the usage of welcome as opposed to welcomed.


which sentence is correct in the use of welcome or welcomed?

Thank you john and you are most welcomed. OR..... Thank you John and you are most welcome.

See example:

You are most welcomed.
asked May 03 '13 at 18:37 Walshin Investigations New member

2 answers


In this context, 'welcome' is an adjective. It can also be used as a noun, verb, or an exclamation. The only time it would have the '-ed' ending is when it is a verb.


 You are most welcome.



We received a warm welcome.



We welcomed the guests into the house.



Welcome! Please come in.

link comment answered May 03 '13 at 19:08 Lewis Neidhardt Grammarly Fellow

 "You are welcomed" is correct because this is how the PASSIVE voice is used in the English Language.

Examples of ACTIVE VOICE:
This bores you. (or: I bore you.)
I accept you.
I love you.
I trust you.
I excite you.
I welcome you.

You are bored. (not "You are bore")
You are accepted. (not "You are accept")
You are loved. (not "You are love")
You are trusted. (not "You are trust")
You are excited. (not "You are excite")
You are welcomed. (not "You are welcome")

Always remember the distinction between ACTIVE VOICE and PASSIVE VOICE: I welcome you, and you are welcomed (by me)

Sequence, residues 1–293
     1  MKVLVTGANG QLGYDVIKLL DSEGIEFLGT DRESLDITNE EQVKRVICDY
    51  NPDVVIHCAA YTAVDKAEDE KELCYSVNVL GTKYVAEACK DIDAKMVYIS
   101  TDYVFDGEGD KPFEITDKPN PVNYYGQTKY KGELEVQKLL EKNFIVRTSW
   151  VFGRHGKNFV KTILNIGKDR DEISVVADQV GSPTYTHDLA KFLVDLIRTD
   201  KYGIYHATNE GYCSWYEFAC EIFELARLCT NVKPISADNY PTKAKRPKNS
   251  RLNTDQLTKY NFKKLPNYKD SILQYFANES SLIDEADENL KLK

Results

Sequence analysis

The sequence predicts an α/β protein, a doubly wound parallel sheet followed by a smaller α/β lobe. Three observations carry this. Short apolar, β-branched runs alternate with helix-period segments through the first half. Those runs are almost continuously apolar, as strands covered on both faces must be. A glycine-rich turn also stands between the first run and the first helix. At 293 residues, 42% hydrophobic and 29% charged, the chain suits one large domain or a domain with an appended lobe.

The words: bored, accepted, trusted, loved, welcomed are also examples of participial adjectives and their roles as adjectives can also be understood in the following examples.

Used as an adjective, we would have:
The bored guest.
The accepted guest
The loved guest (or the beloved guest)
The excited guest
The welcomed guest.

Unfortunately we hear it so often wrongly expressed as "You are welcome ..." that we have grown used to the error and now find it universally accepted, even though it is an incorrect usage of the Passive Voice. (and by the way, the -d ending in these cases are not an expression of past tense at all.)

You may wish to explore more about "the passive voice" in English


link comment answered Nov 05 at 00:24 k8 New member

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